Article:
“And the end of all our exploring
Will be to arrive where we started
And know the place for the first time.” – T S Eliot
There is a bit of this sentiment in embodied cognition theory. We can see this in the way our language is riddled with heart metaphors implying that the heart is the seat of some emotions. The idioms show that once it was natural to include more than the brain in our feeling/knowing/aware selves. “He has a broken heart”; “my heart is not in it”; “she is all heart”; “they are hard hearted”, “my heart tells me to do it”. These saying hark back to a time when we did not separate ourselves at the neck, but thought of ourselves as an indivisible whole.
One way to look at the connection of the brain with the rest of us, is to notice, that our conscious awarenesses know our emotional state through its effects on our bodies. We are conscious of our excitement because our heart rate rises. We are conscious of our displeasure because we feel our brow frown. We are conscious of our fear by our breathing becoming weak. The easiest route to consciousness is through the senses and that includes our sensing our own bodies.
Another way to view the connection is to look at where our conscious thoughts come from. We can think of everything having a predecessor. We start with what can be felt by a newborn and assume that growing up provides layer upon layers of elaboration of the things a baby can know. We use nested metaphors and analogies. So the feeling of social comfort can be tapped by feelings or warmth or closeness. Physical pain and social rejection are related.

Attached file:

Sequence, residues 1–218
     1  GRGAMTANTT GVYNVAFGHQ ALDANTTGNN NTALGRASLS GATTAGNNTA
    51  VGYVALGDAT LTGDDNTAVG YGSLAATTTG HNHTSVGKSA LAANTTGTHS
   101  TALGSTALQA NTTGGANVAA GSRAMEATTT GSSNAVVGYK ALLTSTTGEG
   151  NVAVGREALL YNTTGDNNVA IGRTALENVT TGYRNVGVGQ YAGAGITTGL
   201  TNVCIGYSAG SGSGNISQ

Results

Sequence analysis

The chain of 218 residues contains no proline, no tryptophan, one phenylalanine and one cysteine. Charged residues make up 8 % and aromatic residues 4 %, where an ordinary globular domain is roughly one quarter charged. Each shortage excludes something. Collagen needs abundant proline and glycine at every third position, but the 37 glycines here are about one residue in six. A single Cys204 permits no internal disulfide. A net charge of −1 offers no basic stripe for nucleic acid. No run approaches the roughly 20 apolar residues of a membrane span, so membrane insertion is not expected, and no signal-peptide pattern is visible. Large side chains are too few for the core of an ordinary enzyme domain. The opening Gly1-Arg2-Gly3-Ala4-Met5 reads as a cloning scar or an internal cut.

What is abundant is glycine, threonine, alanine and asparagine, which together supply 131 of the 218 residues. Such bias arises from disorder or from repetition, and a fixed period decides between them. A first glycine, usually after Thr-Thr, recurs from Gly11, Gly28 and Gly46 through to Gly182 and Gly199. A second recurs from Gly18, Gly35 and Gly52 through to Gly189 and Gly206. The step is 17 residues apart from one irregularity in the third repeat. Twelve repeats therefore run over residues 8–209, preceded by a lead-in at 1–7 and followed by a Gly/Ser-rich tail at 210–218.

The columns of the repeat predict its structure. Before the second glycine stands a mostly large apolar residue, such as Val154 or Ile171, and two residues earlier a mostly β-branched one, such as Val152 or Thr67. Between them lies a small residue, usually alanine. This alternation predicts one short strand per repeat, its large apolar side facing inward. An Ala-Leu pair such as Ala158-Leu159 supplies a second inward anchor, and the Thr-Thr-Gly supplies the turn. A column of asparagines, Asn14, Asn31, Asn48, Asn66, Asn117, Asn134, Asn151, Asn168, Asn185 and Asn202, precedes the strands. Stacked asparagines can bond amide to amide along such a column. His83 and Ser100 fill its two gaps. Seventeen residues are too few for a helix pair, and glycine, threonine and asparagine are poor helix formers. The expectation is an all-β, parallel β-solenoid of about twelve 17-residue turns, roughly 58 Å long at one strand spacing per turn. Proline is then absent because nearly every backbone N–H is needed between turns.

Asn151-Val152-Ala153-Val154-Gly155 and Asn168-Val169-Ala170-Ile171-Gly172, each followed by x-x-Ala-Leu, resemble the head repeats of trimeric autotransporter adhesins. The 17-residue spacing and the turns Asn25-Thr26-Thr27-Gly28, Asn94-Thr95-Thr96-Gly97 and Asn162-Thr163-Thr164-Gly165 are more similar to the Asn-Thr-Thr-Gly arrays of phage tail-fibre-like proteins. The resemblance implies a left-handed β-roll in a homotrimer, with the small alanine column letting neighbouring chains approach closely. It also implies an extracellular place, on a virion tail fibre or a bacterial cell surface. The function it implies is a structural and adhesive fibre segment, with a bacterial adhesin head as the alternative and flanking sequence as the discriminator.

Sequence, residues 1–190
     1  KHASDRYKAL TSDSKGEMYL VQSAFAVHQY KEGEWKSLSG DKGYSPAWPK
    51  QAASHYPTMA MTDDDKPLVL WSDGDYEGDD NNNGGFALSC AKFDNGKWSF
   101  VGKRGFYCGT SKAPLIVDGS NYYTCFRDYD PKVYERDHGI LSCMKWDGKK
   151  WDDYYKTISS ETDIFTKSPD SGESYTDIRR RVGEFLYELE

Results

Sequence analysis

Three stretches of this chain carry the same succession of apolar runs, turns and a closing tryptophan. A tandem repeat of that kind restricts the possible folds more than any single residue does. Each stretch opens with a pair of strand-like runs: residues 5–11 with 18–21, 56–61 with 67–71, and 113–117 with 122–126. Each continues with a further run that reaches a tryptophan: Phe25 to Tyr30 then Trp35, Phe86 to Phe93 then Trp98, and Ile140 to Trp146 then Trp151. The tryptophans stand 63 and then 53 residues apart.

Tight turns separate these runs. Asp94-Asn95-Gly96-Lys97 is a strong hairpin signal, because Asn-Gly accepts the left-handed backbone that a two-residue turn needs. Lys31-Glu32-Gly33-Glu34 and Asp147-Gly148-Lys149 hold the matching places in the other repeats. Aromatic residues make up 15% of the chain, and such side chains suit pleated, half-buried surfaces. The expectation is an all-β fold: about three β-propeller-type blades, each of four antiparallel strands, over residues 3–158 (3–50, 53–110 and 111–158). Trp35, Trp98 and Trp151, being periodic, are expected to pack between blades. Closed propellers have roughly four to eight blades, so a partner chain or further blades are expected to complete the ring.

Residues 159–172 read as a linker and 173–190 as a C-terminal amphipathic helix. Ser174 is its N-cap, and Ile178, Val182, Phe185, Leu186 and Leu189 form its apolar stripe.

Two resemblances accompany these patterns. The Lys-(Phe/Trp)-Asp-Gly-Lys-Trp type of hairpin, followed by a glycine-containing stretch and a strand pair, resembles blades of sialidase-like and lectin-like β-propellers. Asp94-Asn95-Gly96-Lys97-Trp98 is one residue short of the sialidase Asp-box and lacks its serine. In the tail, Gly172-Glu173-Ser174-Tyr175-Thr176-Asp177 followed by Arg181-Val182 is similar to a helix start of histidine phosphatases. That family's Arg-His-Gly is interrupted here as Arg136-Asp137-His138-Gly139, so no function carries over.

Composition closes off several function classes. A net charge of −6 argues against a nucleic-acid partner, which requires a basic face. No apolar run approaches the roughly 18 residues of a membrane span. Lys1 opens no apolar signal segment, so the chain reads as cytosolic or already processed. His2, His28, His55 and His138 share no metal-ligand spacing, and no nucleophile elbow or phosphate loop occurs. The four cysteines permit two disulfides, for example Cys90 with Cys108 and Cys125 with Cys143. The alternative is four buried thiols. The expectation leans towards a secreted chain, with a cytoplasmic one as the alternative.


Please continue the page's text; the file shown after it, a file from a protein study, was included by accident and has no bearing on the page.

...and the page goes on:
Embodied cognition research has found many connections. Recently there was an article in the Scientific American by Adam Waytz that elaborated on the heart-brain connection. (here)
Psychology’s recognition of the body’s influence on the mind coincides with a recent focus on the role of the heart in our social psychology. It turns out that the heart is not only critical for survival, but also for how people related to one another. In particular, heart rate variability (HRV), variation in the heart’s beat-to-beat interval, plays a key role in social behaviors ranging from decision-making, regulating one’s emotions, coping with stress, and even academic engagement. Decreased HRV appears to be related to depression and autism and may be linked to thinking about information deliberately. Increased HRV, on the other hand, is associated with greater social skills such as recognizing other people’s emotions and helps people cope with socially stressful situations, such as thinking about giving a public speech or being evaluated by someone of another race. This diverse array of findings reflects a burgeoning interest across clinical psychology, neuroscience, social psychology, and developmental psychology in studying the role of the heart in social life.
We are returning to ways of knowing ourselves that are very old, but, hopefully, we are returning with more understanding.